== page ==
When to Leave a Comma in Its Place (Or, Stop Running into All Those Concrete Walls)

At one juncture in his autobiography, Nice Guys Finish Last, legendary baseball player and manager Leo Durocher wrote the following:

“[He] might have been the best ballplayer I ever saw.”

High praise indeed from a man who saw, firsthand, many of the game’s all-time greats.  Who was he talking about?  Babe Ruth?  Willie Mays?  Ty Cobb?  Joe DiMaggio?

No.  He was talking about Pete Reiser.

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Pete who?

Durocher goes on to say about Reiser,

“He had more power than Willie [Mays]. . . . Mays was fast, but Reiser was faster.  Name whoever you want to, and Pete Reiser was faster.  Willie Mays had everything.  Pete Reiser had everything but luck.”

Call it what you will–luck, fate, poor decisions, destiny . . .  but Pete Reiser’s career is one of those classic “what-if” stories. What might have been if only . . . ?  Then again, what might have been is clear.  Because, from all accounts, Pete Reiser was the greatest natural talent ever to step foot on a baseball diamond.

In 1941, his first full season in the Majors with the old Brooklyn Dodgers, Reiser, then twenty-two, batted .343 with a league-leading 39 doubles, 17 triples, and 117 runs scored.

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His .343 average was good enough to win the National League batting crown.  He was the swiftest player in the league, a brilliant outfielder with a powerful throwing arm.  He was such an accomplished outfielder, in fact, that opposing players would stop what they were doing to watch him catch fly balls and then fire them back into the infield during practice drills.  The future beckoned, surely rich with promise, World Series triumphs, awards, and, ultimately, an invitation to the Baseball Hall of Fame.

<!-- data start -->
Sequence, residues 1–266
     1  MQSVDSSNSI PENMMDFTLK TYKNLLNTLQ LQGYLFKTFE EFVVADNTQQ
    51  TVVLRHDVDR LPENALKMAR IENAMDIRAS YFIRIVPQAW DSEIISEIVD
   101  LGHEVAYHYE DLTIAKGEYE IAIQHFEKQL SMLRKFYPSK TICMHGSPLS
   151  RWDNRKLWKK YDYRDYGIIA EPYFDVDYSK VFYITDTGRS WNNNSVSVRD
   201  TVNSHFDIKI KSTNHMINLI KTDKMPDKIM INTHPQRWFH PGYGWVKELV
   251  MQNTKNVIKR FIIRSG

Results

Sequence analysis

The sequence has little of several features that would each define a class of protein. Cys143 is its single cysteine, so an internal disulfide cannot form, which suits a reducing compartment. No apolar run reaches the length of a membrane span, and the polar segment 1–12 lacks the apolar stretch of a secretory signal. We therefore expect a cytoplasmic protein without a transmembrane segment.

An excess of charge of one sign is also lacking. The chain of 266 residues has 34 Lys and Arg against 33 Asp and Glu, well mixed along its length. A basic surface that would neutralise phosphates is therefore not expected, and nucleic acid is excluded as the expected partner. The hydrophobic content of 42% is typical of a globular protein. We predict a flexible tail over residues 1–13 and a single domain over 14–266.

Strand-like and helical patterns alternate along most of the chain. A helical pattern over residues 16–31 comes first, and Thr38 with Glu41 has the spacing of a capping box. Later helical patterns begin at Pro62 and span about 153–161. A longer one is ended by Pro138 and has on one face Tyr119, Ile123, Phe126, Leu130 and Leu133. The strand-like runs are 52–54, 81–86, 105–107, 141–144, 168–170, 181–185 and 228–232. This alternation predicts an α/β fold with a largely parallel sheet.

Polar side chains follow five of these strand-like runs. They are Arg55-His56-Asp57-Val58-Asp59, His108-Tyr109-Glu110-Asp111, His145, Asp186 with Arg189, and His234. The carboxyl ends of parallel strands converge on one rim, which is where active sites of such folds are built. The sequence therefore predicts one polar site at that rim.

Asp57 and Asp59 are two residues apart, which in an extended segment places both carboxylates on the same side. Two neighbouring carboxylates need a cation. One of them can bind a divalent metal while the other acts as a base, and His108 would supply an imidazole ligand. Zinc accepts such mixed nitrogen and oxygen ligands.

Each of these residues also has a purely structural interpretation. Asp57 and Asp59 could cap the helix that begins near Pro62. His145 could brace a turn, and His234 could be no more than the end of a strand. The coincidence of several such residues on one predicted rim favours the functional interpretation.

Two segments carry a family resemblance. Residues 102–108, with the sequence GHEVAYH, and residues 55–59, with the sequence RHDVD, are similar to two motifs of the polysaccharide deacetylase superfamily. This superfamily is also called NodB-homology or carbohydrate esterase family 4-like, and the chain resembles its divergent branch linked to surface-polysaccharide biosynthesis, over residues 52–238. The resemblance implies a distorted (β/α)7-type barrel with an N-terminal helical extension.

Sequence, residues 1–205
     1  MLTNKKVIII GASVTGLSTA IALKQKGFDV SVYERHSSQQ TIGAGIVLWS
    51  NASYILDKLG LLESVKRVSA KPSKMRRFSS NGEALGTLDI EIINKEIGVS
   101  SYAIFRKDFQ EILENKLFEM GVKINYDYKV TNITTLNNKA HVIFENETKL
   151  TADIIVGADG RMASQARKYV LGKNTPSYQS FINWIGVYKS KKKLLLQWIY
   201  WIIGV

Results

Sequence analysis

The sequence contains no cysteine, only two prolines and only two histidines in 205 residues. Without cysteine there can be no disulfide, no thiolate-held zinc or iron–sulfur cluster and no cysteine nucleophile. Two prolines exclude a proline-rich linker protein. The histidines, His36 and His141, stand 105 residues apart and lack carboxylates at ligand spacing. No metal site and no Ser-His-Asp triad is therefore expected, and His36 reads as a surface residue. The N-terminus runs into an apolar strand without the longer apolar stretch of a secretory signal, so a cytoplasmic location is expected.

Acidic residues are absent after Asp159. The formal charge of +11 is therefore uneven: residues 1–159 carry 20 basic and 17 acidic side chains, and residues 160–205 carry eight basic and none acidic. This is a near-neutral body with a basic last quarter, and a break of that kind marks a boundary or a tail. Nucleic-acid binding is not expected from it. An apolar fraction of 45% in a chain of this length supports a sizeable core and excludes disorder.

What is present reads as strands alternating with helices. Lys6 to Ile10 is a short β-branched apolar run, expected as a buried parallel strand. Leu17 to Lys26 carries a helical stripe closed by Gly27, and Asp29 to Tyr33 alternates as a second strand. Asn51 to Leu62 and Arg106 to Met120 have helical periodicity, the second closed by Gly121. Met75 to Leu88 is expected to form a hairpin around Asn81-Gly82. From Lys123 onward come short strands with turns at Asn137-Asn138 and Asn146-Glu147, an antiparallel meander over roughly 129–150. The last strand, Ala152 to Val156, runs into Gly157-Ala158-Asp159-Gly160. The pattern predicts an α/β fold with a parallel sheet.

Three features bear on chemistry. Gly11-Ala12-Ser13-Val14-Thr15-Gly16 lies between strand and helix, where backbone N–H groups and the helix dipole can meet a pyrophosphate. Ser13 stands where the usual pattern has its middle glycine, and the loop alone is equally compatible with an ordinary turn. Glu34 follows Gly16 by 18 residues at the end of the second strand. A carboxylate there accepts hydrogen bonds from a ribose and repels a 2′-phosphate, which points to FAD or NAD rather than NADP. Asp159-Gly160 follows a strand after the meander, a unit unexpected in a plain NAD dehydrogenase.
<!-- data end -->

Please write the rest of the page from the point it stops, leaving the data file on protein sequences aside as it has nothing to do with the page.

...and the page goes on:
It was not to be.

When he played center field, Reiser would crouch into his defensive stance just before the pitch and think to himself, “Hit it to me.  Hit it to me.”  He wanted to make every catch, be in on every play.  He was the best athlete on the field, and he knew it.  Everyone did.

Not only did he play the game with grace, power, and supreme skill.  He played hard, and was known throughout the league for his diving, acrobatic catches.  This never-say-die attitude, however, became his undoing.

Pete Reiser was carted off the field eleven times in his too-short playing career.  Determined to get to every ball hit anywhere close to center field, he had a bad habit of racing into outfield walls.  He was even given his last rites once at the stadium.

The play that effectively ended Reiser’s career occurred in 1942.  Trying to flag down a line drive, Reiser slammed into the concrete center-field wall, head-first, at full speed.  Somehow, he managed to get up, retrieve the ball, and throw it back into the infield, before collapsing.  He suffered a severe concussion and a fractured skull.  Doctors told him not to play the remainder of the season.  But, four days later, upon his release from the hospital, Reiser suited up, and played.